Even haskell, with its static types and referential transparency, is capable of emulating this pattern. Here's an example:
-- <a href="http://substack.net/scripts/RussianDoll.hs">RussianDoll.hs</a> -- Russian Doll principle in haskell module Main where import Control.Concurrent.MVar import Control.Monad (join) main :: IO () main = do fn <- newEmptyMVar putMVar fn $ do putStrLn "First!" swapMVar fn (putStrLn "Again!") >> return () join $ readMVar fn join $ readMVar fn join $ readMVar fn
Which when executed prints:
First! Again! Again!
An empty MVar is created and bound to fn. MVars are especially convenient for this example since they have an empty state built-in. The first time fn is executed, "First!" is printed, but then the fn MVar is swapped for a new action that prints "Again!".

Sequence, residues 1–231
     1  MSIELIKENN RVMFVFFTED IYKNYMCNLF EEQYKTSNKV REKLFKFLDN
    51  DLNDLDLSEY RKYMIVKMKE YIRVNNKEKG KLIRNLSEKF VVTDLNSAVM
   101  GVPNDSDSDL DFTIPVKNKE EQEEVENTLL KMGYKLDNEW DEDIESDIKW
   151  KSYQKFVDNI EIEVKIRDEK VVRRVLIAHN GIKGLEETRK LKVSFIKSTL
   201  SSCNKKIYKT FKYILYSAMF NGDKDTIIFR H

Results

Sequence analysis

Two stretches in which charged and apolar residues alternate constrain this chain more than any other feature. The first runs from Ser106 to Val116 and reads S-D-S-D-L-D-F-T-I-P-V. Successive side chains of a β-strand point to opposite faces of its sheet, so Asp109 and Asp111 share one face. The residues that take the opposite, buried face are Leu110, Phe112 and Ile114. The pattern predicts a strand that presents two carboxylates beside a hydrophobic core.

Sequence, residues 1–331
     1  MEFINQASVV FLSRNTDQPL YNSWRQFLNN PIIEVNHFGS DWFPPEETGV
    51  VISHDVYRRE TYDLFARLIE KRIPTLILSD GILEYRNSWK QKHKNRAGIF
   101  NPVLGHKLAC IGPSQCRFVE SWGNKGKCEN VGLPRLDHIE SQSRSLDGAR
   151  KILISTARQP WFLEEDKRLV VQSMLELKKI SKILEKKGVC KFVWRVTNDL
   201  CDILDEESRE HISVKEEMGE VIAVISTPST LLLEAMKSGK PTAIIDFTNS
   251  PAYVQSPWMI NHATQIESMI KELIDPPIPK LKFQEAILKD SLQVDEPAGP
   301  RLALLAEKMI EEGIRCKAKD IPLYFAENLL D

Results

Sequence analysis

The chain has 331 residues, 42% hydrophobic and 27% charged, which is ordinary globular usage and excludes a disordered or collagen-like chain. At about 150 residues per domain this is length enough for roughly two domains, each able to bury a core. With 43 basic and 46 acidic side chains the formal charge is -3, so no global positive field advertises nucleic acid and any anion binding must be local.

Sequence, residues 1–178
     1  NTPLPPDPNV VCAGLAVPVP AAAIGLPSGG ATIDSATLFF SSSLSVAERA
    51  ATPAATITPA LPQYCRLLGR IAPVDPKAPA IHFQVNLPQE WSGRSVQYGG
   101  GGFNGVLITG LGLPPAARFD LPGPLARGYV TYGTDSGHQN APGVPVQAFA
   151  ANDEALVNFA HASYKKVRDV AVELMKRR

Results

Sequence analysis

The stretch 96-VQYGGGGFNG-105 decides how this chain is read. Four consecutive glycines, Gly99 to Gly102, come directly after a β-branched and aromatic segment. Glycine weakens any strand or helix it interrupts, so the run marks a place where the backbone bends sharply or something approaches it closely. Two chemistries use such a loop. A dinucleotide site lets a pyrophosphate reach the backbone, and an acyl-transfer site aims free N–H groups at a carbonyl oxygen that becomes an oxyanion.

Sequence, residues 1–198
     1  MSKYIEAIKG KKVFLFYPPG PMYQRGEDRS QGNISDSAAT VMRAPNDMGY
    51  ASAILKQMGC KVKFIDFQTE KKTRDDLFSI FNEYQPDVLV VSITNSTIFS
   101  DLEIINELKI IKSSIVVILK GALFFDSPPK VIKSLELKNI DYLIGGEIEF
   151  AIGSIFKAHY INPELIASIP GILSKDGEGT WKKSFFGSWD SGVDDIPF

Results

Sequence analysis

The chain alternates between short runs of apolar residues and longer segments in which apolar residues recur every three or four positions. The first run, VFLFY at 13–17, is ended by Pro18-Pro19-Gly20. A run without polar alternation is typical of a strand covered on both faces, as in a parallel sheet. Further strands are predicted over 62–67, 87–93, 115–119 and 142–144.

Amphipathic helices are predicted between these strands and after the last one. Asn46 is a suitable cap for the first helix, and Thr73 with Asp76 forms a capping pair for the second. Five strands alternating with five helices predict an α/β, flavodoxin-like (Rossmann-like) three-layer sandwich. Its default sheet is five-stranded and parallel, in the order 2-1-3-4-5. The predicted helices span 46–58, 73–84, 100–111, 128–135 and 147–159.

The inferred type for fn is MVar (IO ()), so join can be used to execute the IO () action inside the MVar.
ghci> :t join join :: (Monad m) => m (m a) -> m a
:t join (readMVar (undefined :: (MVar (IO ())))) join (readMVar (undefined :: (MVar (IO ())))) :: IO ()
It's usually a better idea in these cases to use the shared mutable state to delegate to functions instead of storing and swapping the functions themselves. I am however optimistic that this approach could be used in some code to build a more beautiful abstraction.
git clone http://substack.net/blog.git